By  on June 28, 1994

NEW YORK -- "Happy days are here again -- for some, if not most, knitters."

That's how Jay Meltzer, a vice president in Goldman Sachs's equity research department, sized up the domestic knit business last Wednesday at an economic forecast seminar sponsored by the Knitted Textile Association. About 75 executives attended the breakfast meeting at Butler's Restaurant here.

Citing increased orders, improved margins and better prices as the foundation for enhanced business, Meltzer said the second quarter looks like the beginning of a good run for U.S. knitters.

"Cautious optimism has replaced pessimism, just the reverse of a year ago, or even six months ago," Meltzer said. "It seems increasingly likely that the industry's dismal first quarter probably marked the end of a lengthy decline."

Meltzer also pointed to lower inventories at both the manufacturing and retail level, along with increased fiber shipments, as helping. Domestic noncellulosic fiber shipments this year, Meltzer said, are up 6.4 percent.

"Just as important," he added, "inventories at most fiber producers remain under tight control."

The executive also singled out the trend toward casualwear as a good sign for the knitters.

"With these items, lead times continue to shorten and Quick Response pressures accelerate," Meltzer said. "This is bad for long-lead-time suppliers, but good for short-cycle, quick-turn, knitted fabric producers."

Still, Meltzer warned the knitters not to get too giddy. There's no guarantee that problems that have plagued knitters over the last few years won't return, he said.

"The dreaded multi-eyed monster -- inventories, imports and inadequate return on investments" -- could prove problematic, Meltzer said. "This business is built on the principle of supply and demand. If one gets too far out of kilter, business suffers."

The retail front was the topic of another speaker, Ed Johnson, director of Johnson Redbook Service. He told the knitters that the upcoming Christmas season should be better for the apparel industry than last year, when hard goods dominated the gift scene. Overall, Johnson predicted a 7 percent sales gain for the retail holiday season.

Meltzer told the knitters that they aren't taking advantage of export opportunities. That, he said, could hamper industry growth. Meltzer said that the majority of domestic knitters should derive at least 10 percent of their sales through exports."Too many companies don't look to exporting," he told them. "U.S. knitters are the best in the world. There are opportunities all over the place."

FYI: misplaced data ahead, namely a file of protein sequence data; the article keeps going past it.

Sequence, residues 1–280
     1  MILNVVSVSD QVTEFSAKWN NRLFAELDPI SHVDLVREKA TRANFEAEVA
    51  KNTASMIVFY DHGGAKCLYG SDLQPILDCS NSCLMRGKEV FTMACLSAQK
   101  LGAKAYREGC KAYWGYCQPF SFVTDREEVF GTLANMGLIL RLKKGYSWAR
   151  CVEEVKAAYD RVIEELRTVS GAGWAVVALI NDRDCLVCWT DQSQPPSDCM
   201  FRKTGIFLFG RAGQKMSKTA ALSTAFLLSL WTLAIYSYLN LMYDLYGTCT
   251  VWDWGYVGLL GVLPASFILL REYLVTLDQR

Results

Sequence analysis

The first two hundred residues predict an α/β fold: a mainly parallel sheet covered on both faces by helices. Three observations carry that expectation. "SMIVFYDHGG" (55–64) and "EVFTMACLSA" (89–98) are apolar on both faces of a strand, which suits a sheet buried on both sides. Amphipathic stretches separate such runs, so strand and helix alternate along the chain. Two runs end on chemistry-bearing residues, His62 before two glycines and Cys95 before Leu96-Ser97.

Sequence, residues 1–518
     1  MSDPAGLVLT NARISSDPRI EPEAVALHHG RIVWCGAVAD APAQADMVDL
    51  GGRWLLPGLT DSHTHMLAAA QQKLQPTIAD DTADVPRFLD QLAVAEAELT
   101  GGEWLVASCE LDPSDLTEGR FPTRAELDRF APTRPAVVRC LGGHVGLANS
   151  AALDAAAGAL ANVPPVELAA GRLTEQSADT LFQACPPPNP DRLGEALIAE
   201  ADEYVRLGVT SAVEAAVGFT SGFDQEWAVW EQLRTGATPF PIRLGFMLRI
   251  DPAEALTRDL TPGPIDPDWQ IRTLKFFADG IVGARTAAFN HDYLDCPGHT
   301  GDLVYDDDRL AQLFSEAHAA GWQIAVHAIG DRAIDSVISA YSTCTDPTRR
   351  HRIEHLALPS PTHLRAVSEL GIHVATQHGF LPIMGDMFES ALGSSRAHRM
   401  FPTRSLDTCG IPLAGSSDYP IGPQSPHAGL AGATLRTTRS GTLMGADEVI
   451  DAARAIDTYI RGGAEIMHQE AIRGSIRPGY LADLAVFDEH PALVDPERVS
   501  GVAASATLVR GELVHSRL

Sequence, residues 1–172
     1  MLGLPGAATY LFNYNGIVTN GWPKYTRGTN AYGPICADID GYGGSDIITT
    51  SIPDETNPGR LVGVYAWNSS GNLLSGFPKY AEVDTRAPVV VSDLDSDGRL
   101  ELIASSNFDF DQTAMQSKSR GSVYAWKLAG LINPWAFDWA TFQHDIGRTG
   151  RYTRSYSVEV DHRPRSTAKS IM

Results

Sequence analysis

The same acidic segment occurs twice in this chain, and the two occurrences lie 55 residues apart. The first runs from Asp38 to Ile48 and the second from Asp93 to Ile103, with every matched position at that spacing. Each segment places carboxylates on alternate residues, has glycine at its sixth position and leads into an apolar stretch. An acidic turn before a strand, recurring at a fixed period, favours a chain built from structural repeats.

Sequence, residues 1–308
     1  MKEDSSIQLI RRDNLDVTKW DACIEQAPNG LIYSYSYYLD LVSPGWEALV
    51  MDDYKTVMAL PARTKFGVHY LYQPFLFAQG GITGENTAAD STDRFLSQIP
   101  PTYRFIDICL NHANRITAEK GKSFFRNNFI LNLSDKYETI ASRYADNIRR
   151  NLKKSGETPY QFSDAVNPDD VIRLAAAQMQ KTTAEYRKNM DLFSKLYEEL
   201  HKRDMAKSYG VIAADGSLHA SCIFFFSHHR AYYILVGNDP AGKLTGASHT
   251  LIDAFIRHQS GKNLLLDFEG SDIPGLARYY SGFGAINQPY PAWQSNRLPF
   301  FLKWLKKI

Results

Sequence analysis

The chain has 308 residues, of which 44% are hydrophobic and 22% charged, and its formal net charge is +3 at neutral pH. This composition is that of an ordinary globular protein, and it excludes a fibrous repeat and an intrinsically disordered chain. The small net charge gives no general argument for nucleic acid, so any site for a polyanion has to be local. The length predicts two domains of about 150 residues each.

Meltzer said the North American Free Trade Agreement has opened up the whole of North America, while Europe also represents a prime export target.

Interviewed after the discussion, Ellen Green, vice president of Andrex Industries and president of the KTA, said the association has formed an export committee to "study options on exporting."

Although she wouldn't divulge the names of the eight member firms on the committee, Green did say the group "has met a few times and is looking at several programs. It's too early, however, to go into specifics."

After the meeting, Meltzer warned that the rising cost of raw materials, most notably cotton, could be a problem for knitters.

"Never a day goes by without a call from someone worried about the adverse effect of escalating raw materials cost on margins, profits and demand," said Meltzer. U.S. cotton is currently selling at about 83 cents per pound, 50 percent higher than a year ago.

"But I am not dismayed," he said. "Cotton's dramatically higher price has induced farmers all over the world to put additional acreage under cultivation. If a substantially bigger crop is harvested next year, as we suspect, some price relief may be forthcoming."

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